A PAINTING FROM THE 'BHARANY' RAMAYANA: RAMA AND LAKSHMANA DEPART AYODHYA
A PAINTING FROM THE 'BHARANY' RAMAYANA: RAMA AND LAKSHMANA DEPART AYODHYA
A PAINTING FROM THE 'BHARANY' RAMAYANA: RAMA AND LAKSHMANA DEPART AYODHYA
2 More
THE COLLECTION OF MARILYN T. GRAYBURN, NEW YORK
A PAINTING FROM THE 'BHARANY' RAMAYANA: RAMA AND LAKSHMANA DEPART AYODHYA

NORTH INDIA, PUNJAB HILLS, KANGRA OR GULER, MASTER OF THE FIRST GENERATION AFTER NAINSUKH AND MANAKU, CIRCA 1775-1780.

Details
A PAINTING FROM THE 'BHARANY' RAMAYANA: RAMA AND LAKSHMANA DEPART AYODHYA
NORTH INDIA, PUNJAB HILLS, KANGRA OR GULER, MASTER OF THE FIRST GENERATION AFTER NAINSUKH AND MANAKU, CIRCA 1775-1780.
Folio 9 1⁄4 x 13 3⁄4 in. (23.5 x 34.9 cm.)
Image 8 3⁄8 x 12 3⁄8 in. (21.3 x 31.4 cm.)
Provenance
Sotheby Parke Bernet, New York, 14 December 1979, lot 233.

Brought to you by

Tristan Bruck
Tristan Bruck Specialist, Head of Sale

Check the condition report or get in touch for additional information about this

If you wish to view the condition report of this lot, please sign in to your account.

Sign in
View condition report

Lot Essay

This painting is from a dispersed series of the Ramayana of Valmiki, painted in Kangra circa 1775-1780, by a master of the first generation after Nainsukh and Manaku. The series originally belonged to the dealer C.L. Bharany from which it takes its name, although it is also at times referred to as the Second Guler Ramayana series. The series exemplifies the Pahari style at its best, presenting a world of refinement and delicacy on every page.
The artists of this series produced among the most well-known and well-celebrated series in Indian painting, including the present series, the ‘Tehri Garhwal’ Gita Govinda and the ‘Modi’ Bhagavata Purana. The three works are all closely related stylistically and ichnographically and, according to W.G. Archer, these series were all commissioned by the mother of Raja Sansar Chand of Kangra (r. 1775-1823) for his wedding in 1781. These series together rank among of finest achievements in Indian painting, becoming some of the most coveted illustrations among collectors.
As a whole, the delicately detailed Ramayana series carries all of the trademark characteristics of this generation of artist: a restrained color palette, lyrical drawing, poetic suggestions and an intimate reflection on nature. The individual paintings are particularly inventive and varied, although many follow a similar composition along a diagonal, with a succession of plans and perspectives. It is possible that various hands participated in this series although the artist responsible for this painting, likely painted all of the cityscapes in the series. A remarkable distinction between the present series and the Gita Govinda and Bhagavata Purana is that the figures in the Ramayana are painted in much smaller scale, often as if seen from a distance, which is utilized often in city scenes like the present lot. A possible attribution to Gaudhi, the second of Nainsukh's four sons has been suggested for these scenes.
The present painting depicts a scene from the Balakanda, the first book of the Ramayana detailing Rama’s childhood. The moments in this illustration depict Rama and Lakshmana’s initial departure from their father’s court. In the upper left corner, Rama kisses the feet of their father, King Dasharatha, as Lakshamana bids farewell to his mother Sumitra. Rama’s mother, Kaushayla, and Dashratha’s third wife, Keikeyi, also bid their farewells. As per the artists talent, the figure’s emotions are all wonderfully exemplified with expressions of pride and assurance as the brothers set out on their first great feat. The sage Vishwamitra leads the way, in a scene continued at the bottom right corner of the painting, as the trio departs to fight demons disturbing sacrificial rites in the area. In a receding plane beyond the city gates, the artist offers a glimpse of the bustling urban life in Ayodhya, with a multitude of figures so delicately drawn they are scarcely discernable. In the foreground, the artists pay homage to the lush nature of the Pahari region using the scenery surrounding the Beas River to inspire their interpretations of the Sarayu and Ganga.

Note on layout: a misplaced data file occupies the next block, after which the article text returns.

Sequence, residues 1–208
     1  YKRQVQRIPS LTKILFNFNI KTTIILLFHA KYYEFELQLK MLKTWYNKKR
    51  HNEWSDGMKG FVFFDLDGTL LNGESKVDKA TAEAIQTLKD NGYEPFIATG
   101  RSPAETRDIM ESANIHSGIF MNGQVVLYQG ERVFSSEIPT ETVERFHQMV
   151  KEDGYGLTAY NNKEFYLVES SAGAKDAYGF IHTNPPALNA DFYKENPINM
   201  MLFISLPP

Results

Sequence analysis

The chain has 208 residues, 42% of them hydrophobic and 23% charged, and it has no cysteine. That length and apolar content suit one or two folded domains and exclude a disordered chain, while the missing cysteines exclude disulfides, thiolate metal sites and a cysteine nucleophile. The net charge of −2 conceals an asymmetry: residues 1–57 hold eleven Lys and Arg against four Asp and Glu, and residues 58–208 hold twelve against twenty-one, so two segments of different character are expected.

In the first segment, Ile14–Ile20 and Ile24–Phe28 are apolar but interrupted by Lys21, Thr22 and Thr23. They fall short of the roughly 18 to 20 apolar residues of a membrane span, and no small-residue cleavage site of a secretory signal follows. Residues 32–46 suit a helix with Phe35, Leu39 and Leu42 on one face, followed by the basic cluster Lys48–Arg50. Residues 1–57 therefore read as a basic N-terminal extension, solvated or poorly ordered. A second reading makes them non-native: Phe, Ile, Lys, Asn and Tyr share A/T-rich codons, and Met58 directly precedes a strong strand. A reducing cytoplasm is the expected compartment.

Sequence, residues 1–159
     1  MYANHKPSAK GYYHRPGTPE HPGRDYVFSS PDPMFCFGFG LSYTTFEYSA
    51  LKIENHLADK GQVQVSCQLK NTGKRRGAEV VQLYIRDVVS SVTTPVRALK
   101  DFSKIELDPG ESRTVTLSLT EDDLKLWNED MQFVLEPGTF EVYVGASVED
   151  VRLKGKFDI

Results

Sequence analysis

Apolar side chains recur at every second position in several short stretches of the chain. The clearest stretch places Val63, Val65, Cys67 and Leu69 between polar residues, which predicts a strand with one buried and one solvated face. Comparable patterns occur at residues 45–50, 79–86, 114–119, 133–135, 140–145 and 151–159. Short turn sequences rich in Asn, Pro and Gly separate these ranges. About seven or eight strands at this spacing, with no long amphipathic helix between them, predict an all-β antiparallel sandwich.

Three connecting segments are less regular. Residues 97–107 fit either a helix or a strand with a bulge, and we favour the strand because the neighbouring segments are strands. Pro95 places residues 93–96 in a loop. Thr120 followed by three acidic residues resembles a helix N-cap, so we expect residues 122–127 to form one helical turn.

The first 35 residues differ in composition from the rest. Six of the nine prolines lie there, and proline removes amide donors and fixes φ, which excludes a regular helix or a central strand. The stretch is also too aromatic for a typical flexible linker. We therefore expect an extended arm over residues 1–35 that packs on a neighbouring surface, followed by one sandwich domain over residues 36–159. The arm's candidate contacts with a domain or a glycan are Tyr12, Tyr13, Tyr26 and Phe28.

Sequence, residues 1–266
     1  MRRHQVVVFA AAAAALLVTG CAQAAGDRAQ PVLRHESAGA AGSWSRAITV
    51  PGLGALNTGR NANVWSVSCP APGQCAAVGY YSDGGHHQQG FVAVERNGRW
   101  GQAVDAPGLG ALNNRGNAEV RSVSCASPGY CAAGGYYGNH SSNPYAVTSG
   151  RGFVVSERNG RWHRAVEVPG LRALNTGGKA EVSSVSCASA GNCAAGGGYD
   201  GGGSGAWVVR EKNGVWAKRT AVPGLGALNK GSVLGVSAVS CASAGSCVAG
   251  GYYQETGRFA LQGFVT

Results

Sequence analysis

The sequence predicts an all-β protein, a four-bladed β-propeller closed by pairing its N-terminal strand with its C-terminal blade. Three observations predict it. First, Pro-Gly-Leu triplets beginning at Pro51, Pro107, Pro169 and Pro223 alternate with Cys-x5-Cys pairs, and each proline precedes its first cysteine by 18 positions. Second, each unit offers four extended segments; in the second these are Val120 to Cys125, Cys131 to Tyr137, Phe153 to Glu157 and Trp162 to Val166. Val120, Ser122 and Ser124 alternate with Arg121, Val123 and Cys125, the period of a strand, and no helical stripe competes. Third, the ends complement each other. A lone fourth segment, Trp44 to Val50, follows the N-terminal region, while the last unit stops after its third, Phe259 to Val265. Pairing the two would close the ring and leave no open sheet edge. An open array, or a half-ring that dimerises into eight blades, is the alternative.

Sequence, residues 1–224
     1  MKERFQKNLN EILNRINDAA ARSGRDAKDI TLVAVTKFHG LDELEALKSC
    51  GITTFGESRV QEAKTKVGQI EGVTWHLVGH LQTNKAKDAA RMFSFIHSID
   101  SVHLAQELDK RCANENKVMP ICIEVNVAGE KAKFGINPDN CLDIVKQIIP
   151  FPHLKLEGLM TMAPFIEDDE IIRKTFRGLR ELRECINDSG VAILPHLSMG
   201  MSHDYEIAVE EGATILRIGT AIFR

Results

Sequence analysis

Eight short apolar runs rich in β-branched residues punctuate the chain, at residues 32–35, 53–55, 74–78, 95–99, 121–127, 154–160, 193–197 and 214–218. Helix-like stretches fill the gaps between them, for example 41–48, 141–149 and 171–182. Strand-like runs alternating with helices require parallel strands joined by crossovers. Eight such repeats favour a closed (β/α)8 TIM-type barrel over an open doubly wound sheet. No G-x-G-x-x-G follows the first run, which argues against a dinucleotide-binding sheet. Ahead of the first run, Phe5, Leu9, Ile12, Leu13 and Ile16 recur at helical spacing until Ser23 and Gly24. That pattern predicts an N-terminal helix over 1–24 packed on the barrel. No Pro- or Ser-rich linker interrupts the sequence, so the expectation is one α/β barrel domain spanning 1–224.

Although the series is unnumbered, and not previously known to the public until its dispersal in the 1970s, it is estimated that about 100 pages of the 'Bharany' Ramayana subsist in private and public collections. These include works from the first three chapters of the Ramayana. The final two books were completed by the same generation in a slightly later continuation series, variously attributed to between 1780 and 1800, for example, see the following lot.
Among the 'Bharany' section, five illustrations from the Edwin Binney III Collection are in the San Diego Museum of Art (acc. nos. 1990.1267; 1990:1260; 1990:1265; 1990:1266; 1990:1268); two illustrations are in the Brooklyn Museum, New York (acc. nos. 78.256.3 and 80.181); four illustrations are at the Metropolitan Museum of Art (acc. nos. 1985.398.14, 1976.15, 1976.14, 1976.15); five illustrations are at the Museum Rietberg (acc no. RVI 981 and four published Britschgi and Fischer nos 11, 13 37 and 58); three illustrations are at the Philadelphia Museum of Art (acc. nos. 2002-11-1, 2004-149-73 and 1977-11-1). The Minneapolis Museum of art also recently acquired a page from the series formerly in the Paul F. Walter collection (acc. no. 2021.7). Few examples come to auction; most recently a page from the series sold at Christie’s South Kensington on 11 June 2014, lot 126 for GBP 182,500.

More from Indian, Himalayan and Southeast Asian Works of Art

View All
View All